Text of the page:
“Dancing is my communication tool and a therapy” – Thobeka TK Bhengu

Uniq Mag finding out more about the impact of dancing into TK’s (Thobeka Bhengu) life as an international dancer. Asanda Mkuzo took her time to learn and understand the contemporary business so to share with the readers.

How long have you been dancing?

I was introduced to dance in 2007, so it has been about 10 years.

How does dance inspire you?

Dance to me is a language just like any other spoken language the difference is that in dance the body is a tool for communication.

What got you into dancing?

I used to watch Backstage which was a series that played on e-TV. I used to see Lorcia Cooper dance in the series, but I did not know what kind of dance that was. When I got to UKZN(PMB) to study law  I also took drama as an elective, for the first time I saw people doing that dance I had seen on television being done live at a dance studio in the drama department. I wanted to do it to too. I understood it.

Why do you like dancing?

I like dancing because it makes me feel alive. There is no greater feeling than being able to use your body as a tool to entertain, educate, raise awareness and advocate for what you believe in.

What are some of your goals for dance?

I have been dancing for about 1 year and I would love to open a youth arts centre, where disadvantaged youth and young women can attend dance, drama and yoga classes. The centre would also offer different art forms like a recording studio, a gallery to display artworks done by the youth. The centre will help train and uplift the youth and young women from disadvantaged backgrounds.

What type of dance do you practice and where did you learn it?

I am mostly interested in contemporary dance and African contemporary dance and I was introduced to dance at UKZN (PMB).

How do you feel when you perform?

When I am performing or just dancing in rehearsal, for me it is some sort of therapy. I feel alive and content.

What inspires you to keep on dancing?

A number of talented local artists inspire me, they are spread across different art forms and I am honoured to have experienced their work.

What has dance taught you?

Dance has taught me that you might dedicate your life to something but you might not end up on the covers of magazines and you might not appear on television. However, you will appreciate every breath you take because you get to do what you love.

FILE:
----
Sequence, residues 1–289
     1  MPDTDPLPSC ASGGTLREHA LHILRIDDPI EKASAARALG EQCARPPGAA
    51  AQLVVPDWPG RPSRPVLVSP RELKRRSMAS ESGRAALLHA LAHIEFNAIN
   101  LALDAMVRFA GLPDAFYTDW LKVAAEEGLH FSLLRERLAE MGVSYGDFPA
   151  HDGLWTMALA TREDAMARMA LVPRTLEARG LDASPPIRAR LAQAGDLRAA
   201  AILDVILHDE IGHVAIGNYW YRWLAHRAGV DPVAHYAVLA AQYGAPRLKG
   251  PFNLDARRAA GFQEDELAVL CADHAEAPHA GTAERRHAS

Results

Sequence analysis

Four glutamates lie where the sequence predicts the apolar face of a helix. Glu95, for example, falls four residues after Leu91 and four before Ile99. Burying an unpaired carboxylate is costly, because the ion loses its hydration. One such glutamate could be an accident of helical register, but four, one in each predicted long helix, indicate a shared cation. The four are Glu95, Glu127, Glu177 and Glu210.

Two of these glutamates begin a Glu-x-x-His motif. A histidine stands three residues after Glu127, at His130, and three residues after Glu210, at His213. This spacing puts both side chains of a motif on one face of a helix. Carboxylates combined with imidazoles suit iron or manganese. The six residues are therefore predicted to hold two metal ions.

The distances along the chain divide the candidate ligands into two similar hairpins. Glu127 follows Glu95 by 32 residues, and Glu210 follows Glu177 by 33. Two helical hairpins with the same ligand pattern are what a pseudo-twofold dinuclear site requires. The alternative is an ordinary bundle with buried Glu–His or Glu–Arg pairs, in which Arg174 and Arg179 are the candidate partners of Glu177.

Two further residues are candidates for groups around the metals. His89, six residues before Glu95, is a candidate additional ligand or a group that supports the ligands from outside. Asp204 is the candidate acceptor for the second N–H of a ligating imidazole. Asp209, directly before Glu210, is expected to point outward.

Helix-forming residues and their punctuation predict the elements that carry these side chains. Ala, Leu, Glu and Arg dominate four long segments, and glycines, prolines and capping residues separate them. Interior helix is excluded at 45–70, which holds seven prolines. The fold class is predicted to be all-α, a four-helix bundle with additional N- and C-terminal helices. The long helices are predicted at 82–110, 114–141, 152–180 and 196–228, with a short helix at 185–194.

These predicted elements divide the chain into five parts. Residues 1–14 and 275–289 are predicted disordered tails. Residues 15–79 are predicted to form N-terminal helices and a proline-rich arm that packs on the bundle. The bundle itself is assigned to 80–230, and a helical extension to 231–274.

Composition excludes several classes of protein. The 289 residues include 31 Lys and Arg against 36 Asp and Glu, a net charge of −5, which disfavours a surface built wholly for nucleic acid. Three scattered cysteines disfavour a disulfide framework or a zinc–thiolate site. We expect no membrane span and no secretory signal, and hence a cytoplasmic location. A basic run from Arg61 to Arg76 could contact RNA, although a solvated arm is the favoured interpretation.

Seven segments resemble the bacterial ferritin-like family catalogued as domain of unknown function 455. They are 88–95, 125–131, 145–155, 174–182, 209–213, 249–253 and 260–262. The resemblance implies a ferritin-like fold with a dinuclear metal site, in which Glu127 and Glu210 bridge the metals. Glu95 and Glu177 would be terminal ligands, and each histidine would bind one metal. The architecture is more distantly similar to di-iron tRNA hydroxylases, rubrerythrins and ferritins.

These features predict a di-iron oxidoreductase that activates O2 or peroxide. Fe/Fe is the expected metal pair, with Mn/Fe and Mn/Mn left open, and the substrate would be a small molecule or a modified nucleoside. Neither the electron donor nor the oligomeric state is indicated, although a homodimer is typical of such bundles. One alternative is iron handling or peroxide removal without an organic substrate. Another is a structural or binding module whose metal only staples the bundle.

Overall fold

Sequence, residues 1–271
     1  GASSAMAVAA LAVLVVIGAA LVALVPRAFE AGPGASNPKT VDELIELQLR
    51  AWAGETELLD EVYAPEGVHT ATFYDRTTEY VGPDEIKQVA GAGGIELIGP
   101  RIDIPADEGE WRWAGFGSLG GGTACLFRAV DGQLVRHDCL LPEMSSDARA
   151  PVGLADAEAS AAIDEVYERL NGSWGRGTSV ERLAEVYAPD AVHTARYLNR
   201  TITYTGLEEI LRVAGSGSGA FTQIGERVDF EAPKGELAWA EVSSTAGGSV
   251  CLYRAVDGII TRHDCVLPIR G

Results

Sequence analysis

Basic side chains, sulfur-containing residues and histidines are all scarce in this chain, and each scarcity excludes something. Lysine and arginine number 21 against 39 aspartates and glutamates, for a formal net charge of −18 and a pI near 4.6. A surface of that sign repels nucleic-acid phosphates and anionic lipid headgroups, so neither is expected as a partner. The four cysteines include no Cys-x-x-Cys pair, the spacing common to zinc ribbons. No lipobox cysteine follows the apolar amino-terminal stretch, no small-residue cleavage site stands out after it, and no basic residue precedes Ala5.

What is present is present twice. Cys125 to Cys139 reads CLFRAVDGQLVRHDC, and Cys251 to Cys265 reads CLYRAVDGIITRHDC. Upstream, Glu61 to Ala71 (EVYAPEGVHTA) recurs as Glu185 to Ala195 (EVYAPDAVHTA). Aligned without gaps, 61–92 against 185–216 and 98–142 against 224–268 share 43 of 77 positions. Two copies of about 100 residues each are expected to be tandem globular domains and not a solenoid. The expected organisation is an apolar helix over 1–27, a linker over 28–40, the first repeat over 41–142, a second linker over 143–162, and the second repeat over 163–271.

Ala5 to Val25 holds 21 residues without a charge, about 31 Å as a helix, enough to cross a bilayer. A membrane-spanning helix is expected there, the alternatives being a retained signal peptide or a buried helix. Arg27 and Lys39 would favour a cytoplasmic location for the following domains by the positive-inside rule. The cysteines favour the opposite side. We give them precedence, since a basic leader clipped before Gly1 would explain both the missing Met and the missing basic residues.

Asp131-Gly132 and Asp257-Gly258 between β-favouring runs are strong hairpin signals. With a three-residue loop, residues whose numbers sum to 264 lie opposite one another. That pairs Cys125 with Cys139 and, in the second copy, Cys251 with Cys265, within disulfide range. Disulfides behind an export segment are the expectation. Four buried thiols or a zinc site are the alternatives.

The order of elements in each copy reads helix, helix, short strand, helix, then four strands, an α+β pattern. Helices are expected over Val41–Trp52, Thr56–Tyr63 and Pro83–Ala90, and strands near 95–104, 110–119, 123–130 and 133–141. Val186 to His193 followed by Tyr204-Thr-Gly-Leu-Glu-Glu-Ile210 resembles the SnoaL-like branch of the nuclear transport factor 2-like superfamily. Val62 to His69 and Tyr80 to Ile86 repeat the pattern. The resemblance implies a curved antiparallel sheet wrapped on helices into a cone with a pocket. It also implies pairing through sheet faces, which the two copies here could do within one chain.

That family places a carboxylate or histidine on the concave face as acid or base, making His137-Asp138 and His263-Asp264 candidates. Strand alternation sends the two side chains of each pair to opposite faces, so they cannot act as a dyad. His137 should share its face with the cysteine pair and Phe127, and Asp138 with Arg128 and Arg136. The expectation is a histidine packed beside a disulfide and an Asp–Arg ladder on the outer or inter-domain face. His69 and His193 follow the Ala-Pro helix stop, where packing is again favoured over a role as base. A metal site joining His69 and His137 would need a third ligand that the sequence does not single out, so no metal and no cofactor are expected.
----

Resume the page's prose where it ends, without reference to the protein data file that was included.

Do you treat dance as a career, hobby or sport?

Dance is a career to me. However, my focus is not on dance only in the arts industry. I do different things in the arts.

What is your greatest weakness?

My greatest weakness is the love for the work that I do. This makes it difficult to say no when I have to say no. When you love what you do, you tend to focus on the work and not making money. However, as you get older you have more responsibilities and you have to make some sort of income and cut down on doing favours.

Do you have a favourite dancer?

My favourite dancer would have to be a brilliant dancer and a friend from Durban Teekay Quvane.

Are there any challenges in dance?

Yes, there are many challenges in dance, for most youth in KZN who would like to receive dance training, there are only a few companies offering dance training. There is little to no dance training in disadvantaged communities. The industry is largely elitist in its nature, if you cannot afford to go into urban areas you will not be able to experience live dance performances or tickets to the theatres that are situated in urban areas.

Tell us about your performances? Have you performed for an audience? Where and when?

I started performing in choreography productions, theatre productions and musicals at UKZN and most students would be the audience. I did my first performance outside campus in two dance productions at the Jomba Contemporary Dance Festival in 2011 and since I have performed and choreographed work in Durban which premiered at festivals and other performance spaces in Durban, Cape Town, Zimbabwe, Swaziland, Ohio (USA) and recently in the United Kingdom (London).

What advice can you give to people who would like to do this type of dance?

I would say that if you really want to dance, find a space and start moving. Find a training school or a community group that does theatre and contemporary dance or join any classes available in your town. My dance lecturer uses to say that it takes 10 years to train a dancer. He was right.

What do you think is the key to success?

The key to success is hard work and persistence.  If you give up every time you feel that things are going slowly or not going your way, you have to remember to always get up and try again.